Vizio got a new $80 Roku competitor with second-screen functionality

Vizio launched a new, lower-priced version of its CoStar streaming player Wednesday. The new player, dubbed CoStar LT, will sell for $80, and offer access to apps like Netflix, (S NFLX) Hulu Plus and YouTube, (S GOOG) as well as second-screen control capabilities similar to Google’s Chromecast. The original CoStar, which Vizio continues to sell for $100, is based on Google TV, but its new sibling uses Opera’s SDK instead. Both devices combine live TV viewing with apps, but Vizio CTO Matt McRae recently told me that consumers are starting to watch more streaming content than traditional TV.

Vizio CTO: Tablets will kill small-screen TVs

Thought iPads and Android tablets were bad for netbooks? Wait until they replace TV sets. Vizio CTO Matt McRae believes that consumers are beginning to choose tablets over small TVs. Luckily, his company is making both – and a new set-top-box that further blurs the line.

Smart TVs cause a net neutrality debate in S. Korea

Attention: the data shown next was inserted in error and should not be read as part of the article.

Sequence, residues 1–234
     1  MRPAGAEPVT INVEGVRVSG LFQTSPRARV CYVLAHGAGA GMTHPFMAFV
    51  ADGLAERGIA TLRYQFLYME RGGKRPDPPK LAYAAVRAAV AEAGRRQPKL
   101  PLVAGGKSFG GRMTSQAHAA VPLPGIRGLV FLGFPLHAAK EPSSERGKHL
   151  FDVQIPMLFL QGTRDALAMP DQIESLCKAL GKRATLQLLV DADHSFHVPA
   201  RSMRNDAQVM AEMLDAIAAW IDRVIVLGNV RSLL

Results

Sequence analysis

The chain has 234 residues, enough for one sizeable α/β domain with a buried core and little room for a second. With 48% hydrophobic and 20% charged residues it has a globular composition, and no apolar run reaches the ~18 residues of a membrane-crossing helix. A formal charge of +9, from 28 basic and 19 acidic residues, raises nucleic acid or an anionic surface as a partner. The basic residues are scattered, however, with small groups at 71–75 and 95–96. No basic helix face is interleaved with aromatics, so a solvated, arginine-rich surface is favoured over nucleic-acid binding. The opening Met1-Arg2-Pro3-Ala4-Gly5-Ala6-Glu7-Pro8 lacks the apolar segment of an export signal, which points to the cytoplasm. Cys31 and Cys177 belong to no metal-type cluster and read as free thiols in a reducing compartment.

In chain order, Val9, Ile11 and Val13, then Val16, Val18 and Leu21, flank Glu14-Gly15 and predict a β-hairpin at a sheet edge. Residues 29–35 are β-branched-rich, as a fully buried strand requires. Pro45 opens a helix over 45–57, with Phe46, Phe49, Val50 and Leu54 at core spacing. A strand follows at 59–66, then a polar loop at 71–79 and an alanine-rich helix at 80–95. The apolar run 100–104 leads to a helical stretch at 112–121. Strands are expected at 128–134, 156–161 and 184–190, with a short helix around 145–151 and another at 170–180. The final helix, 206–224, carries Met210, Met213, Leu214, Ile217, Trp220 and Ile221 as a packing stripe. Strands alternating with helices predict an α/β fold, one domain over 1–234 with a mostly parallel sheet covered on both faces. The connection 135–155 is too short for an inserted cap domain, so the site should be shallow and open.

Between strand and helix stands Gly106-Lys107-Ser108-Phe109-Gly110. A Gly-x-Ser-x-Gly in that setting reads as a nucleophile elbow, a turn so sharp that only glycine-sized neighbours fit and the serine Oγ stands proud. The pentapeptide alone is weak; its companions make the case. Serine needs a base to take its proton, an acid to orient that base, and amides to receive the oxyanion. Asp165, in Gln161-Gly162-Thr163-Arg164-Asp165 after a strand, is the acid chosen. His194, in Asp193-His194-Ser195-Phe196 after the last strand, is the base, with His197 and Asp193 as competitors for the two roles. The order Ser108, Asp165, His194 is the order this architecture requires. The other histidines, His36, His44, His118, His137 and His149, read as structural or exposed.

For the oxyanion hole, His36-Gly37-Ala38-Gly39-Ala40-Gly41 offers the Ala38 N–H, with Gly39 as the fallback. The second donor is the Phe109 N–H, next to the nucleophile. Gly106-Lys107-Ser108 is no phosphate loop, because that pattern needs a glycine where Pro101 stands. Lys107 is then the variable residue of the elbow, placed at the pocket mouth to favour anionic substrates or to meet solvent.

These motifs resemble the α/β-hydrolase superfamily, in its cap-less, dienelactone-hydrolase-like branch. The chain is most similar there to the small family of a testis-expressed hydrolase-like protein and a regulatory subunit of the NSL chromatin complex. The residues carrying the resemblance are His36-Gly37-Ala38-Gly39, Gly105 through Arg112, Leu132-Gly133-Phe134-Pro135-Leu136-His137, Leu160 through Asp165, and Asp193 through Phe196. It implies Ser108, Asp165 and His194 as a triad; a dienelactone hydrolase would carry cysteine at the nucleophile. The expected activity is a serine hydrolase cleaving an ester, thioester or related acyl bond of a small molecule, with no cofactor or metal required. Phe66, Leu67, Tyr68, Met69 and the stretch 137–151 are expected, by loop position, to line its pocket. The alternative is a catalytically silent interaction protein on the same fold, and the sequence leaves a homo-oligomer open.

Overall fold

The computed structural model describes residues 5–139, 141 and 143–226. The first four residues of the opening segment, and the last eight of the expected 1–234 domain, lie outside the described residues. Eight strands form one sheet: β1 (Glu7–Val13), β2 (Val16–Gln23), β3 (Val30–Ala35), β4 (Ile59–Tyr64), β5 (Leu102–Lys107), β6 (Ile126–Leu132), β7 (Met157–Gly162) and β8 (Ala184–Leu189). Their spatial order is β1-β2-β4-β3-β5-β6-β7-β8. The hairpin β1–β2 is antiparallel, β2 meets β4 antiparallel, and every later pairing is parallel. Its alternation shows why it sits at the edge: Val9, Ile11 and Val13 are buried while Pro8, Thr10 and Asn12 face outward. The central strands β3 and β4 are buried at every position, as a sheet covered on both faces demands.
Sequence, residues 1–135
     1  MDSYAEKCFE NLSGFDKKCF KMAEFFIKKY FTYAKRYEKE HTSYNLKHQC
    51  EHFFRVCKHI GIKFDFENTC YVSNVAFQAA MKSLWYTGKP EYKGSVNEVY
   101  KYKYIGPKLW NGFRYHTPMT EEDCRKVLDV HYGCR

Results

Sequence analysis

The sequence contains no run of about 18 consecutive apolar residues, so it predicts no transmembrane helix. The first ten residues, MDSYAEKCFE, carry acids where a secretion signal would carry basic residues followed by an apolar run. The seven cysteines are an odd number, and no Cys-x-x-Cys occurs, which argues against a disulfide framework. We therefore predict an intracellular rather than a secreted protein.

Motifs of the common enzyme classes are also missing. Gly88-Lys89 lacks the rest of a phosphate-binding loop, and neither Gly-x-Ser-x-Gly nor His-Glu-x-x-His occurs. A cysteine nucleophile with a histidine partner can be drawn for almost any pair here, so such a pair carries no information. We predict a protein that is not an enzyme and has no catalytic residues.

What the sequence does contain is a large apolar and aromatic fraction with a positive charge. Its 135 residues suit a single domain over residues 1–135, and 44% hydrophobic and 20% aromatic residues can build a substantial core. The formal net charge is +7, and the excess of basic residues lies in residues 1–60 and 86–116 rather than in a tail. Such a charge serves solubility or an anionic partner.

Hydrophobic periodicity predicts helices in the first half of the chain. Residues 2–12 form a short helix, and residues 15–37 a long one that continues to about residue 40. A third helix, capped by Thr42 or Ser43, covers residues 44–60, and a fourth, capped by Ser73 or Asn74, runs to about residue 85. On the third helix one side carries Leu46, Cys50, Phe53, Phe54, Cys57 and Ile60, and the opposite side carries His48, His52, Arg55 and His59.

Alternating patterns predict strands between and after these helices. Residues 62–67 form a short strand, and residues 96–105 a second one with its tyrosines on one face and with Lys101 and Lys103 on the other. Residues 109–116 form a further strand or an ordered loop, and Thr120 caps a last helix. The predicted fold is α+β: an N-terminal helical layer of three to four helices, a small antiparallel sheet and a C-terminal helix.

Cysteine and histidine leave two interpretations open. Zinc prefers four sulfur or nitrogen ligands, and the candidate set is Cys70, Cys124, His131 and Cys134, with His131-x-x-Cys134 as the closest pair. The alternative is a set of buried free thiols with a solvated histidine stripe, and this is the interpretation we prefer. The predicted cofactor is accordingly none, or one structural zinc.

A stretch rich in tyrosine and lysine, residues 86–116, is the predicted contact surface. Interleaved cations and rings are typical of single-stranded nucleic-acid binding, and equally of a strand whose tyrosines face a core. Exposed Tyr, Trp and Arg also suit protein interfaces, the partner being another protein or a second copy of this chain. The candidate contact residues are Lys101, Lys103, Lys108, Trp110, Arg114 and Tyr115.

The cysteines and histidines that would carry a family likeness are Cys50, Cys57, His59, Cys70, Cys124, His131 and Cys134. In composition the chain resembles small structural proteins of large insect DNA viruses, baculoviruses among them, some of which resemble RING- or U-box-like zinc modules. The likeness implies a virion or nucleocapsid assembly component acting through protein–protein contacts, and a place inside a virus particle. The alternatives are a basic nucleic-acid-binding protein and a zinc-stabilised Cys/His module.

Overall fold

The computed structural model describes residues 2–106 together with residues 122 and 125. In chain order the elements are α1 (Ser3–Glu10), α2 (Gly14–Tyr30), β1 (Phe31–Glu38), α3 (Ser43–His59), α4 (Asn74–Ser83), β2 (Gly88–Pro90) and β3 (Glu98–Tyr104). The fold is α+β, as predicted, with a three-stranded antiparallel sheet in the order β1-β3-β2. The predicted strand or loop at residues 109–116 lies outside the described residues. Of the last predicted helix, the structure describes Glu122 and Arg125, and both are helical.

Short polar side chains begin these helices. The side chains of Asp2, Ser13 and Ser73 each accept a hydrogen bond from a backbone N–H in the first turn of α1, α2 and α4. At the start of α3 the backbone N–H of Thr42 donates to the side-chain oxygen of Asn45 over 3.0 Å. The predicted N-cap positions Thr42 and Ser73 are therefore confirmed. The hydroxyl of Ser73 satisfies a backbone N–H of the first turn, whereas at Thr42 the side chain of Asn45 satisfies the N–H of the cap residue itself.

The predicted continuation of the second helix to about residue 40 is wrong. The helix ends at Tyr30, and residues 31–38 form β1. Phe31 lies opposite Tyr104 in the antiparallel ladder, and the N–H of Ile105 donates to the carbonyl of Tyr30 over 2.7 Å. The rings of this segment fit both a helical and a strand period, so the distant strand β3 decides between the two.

Korea Telecom in South Korea has taken an interesting twist on network neutrality, and is blocking Samsung’s Smart TVs from access the Internet, according to a large S. Korean daily. That’s right, net neutrality isn’t just for applications like Netflix anymore.

Why Apple TV is finally starting to matter

The Apple TV sold 1.4 million units during the holiday quarter, about half of what Apple sold in the entire year prior. While it’s far from a mass-market device, its sales numbers show that even in a relatively small market, Apple dominates the competition.

Where were all the Google TVs at CES?

A week ago, it seemed like Google TV was back on track after announcing new partners. But if Google finally is gaining the trust and support of the consumer electronics industry, there was little evidence of it at this week’s Consumer Electronics Show in Las Vegas.

Vizio making PCs? Not as dumb as you think

With the industry in uproar and a good reputation in TVs, Vizio has picked a great (perhaps the greatest?) time in recent PC industry history to try to make its mark on the industry by taking an entertainment-focused, Windows-based approach to laptops and desktops.